Inside the Australian and New Zealand book industry

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On tour: Jon Klassen

Canadian author Jon Klassen’s We Found a Hat, the third book in his picture-book trilogy (Candlewick Press) that includes I Want My Hat Back and This is Not My Hat, will be published in October. Klassen is travelling to the Sydney Writers’ Festival and Melbourne in May.

What would you put on a shelf-talker for your latest book?

Booksellers are best at this so I wouldn’t want to presume.

It would include that it’s a three-part story about two turtles who find a single hat in the desert, and they both would like to have it.

What are you reading right now?

I’m toggling between two books that are both kind of set in the wilderness. The first is The Orchard Keeper by Cormac McCarthy (Picador) and the second is an old copy of Tales from an Empty Cabin by Grey Owl (various imprints) that I found in my favourite bookstore, The Monkey’s Paw in Toronto.

What are you planning to read next?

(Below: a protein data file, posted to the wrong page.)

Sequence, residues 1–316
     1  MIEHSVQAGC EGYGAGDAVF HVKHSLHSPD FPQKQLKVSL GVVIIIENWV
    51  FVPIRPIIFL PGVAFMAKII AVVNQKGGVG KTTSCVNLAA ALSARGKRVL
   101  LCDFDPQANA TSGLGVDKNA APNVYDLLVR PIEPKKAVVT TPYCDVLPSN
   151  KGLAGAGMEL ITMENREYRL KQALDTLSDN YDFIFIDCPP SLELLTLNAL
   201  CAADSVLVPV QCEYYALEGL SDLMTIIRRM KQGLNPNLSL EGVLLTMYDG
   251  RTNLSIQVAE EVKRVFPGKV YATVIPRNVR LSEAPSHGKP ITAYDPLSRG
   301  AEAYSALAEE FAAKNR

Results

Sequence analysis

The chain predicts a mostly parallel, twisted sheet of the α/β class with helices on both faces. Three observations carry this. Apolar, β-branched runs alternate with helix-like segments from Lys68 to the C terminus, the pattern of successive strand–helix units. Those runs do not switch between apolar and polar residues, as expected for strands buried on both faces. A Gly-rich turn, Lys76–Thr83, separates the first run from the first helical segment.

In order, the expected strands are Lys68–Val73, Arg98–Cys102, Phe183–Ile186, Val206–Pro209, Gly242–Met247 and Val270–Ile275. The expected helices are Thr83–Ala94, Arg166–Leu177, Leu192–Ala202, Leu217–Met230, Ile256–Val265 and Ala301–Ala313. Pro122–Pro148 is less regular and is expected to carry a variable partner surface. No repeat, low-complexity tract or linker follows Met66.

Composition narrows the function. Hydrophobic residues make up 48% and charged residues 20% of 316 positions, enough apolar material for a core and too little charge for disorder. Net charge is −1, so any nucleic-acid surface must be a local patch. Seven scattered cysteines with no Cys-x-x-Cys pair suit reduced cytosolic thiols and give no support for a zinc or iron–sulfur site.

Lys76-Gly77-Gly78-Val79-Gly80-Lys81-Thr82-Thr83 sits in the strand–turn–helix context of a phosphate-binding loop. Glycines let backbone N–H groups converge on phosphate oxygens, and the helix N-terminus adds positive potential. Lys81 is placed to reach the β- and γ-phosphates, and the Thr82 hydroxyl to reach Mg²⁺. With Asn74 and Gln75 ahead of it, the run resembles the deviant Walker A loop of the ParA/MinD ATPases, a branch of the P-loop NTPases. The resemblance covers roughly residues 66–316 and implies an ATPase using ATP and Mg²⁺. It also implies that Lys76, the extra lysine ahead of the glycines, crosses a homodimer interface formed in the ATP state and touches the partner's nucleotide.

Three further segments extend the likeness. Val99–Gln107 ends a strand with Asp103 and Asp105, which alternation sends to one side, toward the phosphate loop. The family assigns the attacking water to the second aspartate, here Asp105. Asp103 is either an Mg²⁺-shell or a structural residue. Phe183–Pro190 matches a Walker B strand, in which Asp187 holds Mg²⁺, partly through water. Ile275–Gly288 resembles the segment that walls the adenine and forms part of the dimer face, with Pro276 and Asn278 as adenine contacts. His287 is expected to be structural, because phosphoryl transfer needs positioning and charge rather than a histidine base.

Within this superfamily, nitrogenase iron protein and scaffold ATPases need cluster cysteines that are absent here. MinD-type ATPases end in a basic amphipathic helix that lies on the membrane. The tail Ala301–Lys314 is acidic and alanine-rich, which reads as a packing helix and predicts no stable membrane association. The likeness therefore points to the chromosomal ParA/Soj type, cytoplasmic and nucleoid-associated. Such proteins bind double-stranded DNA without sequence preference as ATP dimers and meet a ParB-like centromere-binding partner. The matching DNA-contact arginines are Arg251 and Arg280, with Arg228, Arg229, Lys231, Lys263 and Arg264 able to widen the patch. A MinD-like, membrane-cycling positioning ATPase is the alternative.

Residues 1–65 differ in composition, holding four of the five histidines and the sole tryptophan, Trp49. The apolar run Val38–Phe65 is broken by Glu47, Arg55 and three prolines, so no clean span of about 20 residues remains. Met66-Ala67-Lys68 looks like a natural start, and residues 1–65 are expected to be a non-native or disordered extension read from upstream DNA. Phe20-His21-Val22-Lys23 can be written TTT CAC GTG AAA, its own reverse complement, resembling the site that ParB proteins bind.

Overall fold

The economist Angus Deaton’s The Great Escape (Princeton University Press).

Which book do you always recommend?

Anything by Cormac McCarthy. Also anything by William Steig.

What was the defining book of your childhood?

Probably Arnold Lobel’s ‘Frog & Toad’ stories (various imprints).

If you were a literary character you’d be …

Toad from ‘Frog & Toad’. I’ve heard from more than one person that I look a lot like Richard Scarry’s Lowly Worm, also.

What’s your favourite book adaptation (film, television or theatre)?

It might not be fair because I haven’t read the book, but The Shining by Stanley Kubrick is one of my favourite films and everything I have read about the changes he made during the adaptation is very interesting.

What’s your favourite books website or blog?

http://blog.picturebookmakers.com has some of the best taste I’ve ever seen.

Hardback, paperback or digital?

I really like a good paperback, for novels anyway. They are such nice things to hold. I do have an ereader and I don’t mind it, but if I forget it at home and pick up the paperback to tide me over there’s always a feeling of, ‘oh right. This is what it’s supposed to be like.’

Facebook or Twitter?

Twitter!

In 50 years’ time books will be …

I have no idea, but the good ones now will still be good then.

 

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